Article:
Where possible, if an external vendor can make configuration changes remotely, it is often best to leverage the existing remote access structure already in place to ensure measures such as multi-factor authentication, change of protocols, and authentication measures (one for accessing the corporate network and a second for gaining access to the ICS network) are in place. If changing the architecture for the vendor connection is not an option, temporarily disconnecting external access for write connections by either physically unplugging the connection or logically disabling traffic when it is not in use can help provide an additional barrier of protection.

Whether the connection is used for monitoring only or troubleshooting, the data sent from the manufacturing network to the external network should always be encrypted. The easiest way is to allow only encrypted protocols through the vendor firewall. For some applications, encrypted protocols may not be available, e.g., only http is supported for the system historian. Alternative methods, such as establishing an encrypted VPN between the site network and the external network, can provide a practical means of securing the data.

Know Your Vendor

Even if the data in transit from the site to the vendor network is encrypted, if the vendor network itself is poorly protected, the data is still vulnerable. Vendors should have robust security programs in place for product development and for how they manage their systems and address vulnerabilities when they inevitably occur.

Manufacturers don’t always have the capacity to conduct a rigorous audit of each supplier, but including cybersecurity requirements and evaluations as part of the vendor selection process is an important first step. Additionally, selecting vendors that have been certified to international standards such as the ISA/IEC 62443 series provides a level of assurance for the maturity level (ISA/IEC 62443-4-1 and 2-4) for product developers and solution developers respectively, as well as for product/system specific security level capabilities (ISA/IEC 62443-4-2 and 3-3).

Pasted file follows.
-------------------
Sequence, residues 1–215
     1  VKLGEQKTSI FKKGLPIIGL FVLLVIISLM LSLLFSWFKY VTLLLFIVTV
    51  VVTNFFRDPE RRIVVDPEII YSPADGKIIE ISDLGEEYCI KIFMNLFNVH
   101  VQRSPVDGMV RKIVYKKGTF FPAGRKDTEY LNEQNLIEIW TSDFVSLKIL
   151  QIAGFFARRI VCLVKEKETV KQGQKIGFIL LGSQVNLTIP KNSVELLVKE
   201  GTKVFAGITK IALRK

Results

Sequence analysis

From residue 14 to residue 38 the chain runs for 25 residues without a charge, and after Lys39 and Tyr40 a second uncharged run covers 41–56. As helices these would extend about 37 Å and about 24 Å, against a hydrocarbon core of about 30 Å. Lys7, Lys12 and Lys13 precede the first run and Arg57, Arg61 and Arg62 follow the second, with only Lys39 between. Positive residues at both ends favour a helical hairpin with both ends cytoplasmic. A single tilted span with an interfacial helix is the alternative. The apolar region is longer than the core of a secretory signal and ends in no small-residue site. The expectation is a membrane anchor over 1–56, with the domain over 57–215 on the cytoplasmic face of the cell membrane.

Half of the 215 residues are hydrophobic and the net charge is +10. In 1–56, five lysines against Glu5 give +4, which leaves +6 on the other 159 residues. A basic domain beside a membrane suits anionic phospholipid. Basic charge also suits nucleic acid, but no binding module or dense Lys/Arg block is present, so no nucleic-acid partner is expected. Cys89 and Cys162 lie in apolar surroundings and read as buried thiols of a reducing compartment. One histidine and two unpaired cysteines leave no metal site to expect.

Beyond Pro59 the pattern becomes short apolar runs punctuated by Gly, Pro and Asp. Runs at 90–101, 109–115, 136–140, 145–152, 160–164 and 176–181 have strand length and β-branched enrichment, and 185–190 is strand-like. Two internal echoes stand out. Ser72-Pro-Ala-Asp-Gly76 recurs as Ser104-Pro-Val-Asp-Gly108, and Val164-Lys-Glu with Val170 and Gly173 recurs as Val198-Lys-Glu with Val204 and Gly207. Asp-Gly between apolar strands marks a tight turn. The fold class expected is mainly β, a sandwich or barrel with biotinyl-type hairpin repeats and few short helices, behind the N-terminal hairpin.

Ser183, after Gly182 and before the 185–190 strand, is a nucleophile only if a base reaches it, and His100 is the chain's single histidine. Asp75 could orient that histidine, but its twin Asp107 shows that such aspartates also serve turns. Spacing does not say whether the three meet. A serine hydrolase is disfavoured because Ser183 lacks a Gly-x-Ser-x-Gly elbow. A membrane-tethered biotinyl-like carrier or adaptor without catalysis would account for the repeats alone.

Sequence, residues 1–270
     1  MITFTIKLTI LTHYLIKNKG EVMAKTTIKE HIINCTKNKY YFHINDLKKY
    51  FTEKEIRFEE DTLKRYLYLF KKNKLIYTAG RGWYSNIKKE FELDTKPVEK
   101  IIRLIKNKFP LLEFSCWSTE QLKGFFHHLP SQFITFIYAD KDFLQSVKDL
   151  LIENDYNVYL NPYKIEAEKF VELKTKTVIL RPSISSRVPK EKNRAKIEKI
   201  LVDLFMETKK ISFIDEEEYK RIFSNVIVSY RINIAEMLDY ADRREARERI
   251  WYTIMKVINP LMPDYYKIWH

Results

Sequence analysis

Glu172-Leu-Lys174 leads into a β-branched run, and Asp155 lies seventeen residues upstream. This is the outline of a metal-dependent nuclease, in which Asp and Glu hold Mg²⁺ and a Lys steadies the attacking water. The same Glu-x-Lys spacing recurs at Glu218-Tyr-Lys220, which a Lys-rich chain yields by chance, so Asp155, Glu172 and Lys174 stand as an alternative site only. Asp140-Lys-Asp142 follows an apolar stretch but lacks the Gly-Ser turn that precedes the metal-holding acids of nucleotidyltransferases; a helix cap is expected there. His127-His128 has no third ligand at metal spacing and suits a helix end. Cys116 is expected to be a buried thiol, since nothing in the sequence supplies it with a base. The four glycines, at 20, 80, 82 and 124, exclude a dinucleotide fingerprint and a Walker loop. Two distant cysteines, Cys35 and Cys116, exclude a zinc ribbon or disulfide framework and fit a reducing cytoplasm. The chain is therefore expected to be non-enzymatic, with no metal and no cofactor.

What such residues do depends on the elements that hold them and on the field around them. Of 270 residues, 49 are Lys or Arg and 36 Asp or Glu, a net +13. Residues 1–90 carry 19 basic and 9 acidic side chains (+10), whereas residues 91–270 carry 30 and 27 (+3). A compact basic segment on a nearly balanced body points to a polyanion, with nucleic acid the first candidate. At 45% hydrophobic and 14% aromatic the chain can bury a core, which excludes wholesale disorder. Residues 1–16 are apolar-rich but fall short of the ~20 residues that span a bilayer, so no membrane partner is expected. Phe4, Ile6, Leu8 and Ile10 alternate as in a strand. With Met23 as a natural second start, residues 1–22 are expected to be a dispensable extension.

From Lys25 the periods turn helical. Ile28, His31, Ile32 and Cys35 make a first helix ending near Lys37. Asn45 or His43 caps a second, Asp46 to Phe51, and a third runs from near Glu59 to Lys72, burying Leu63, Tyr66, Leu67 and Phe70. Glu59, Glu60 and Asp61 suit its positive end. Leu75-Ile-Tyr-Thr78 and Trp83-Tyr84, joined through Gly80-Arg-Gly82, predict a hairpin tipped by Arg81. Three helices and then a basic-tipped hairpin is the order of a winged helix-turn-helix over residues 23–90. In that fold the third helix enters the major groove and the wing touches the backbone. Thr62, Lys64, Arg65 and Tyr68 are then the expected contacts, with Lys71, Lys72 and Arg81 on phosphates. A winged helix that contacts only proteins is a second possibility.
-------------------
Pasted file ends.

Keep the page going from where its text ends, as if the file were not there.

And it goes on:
These standards have been globally adopted across multiple industries and provide a common language and set of requirements for comparing the security measures in place at different vendors and service providers. Specific requirements on the use of cryptography and data protection directly meet the requirements for securing data in transit and data at rest, while also demonstrating to vendors the use of these best practices. Additionally, vendors must demonstrate compliance to requirements for handling security incidents and vulnerabilities. This is important because when vulnerabilities and incidents inevitably occur, having a mature vulnerability management process can be the difference between catching a concern before it becomes readily exploited and conducting a post-incident analysis to understand what went wrong.

A secure external vendor connection relies on the manufacturer and vendor having adequate security protections and security programs in place. Understanding the potential risks of the connection and mapping the protections in place to the risk is a key step in ensuring that the data and critical operations are protected. EP

Patrick O’Brien is a Senior Safety and Cybersecurity Engineer at exida ( and a member of the ISA Global Cybersecurity Alliance (ISAGCA). Gregory Houser, CISA, CISSP, is a Senior Cybersecurity Engineer at exida.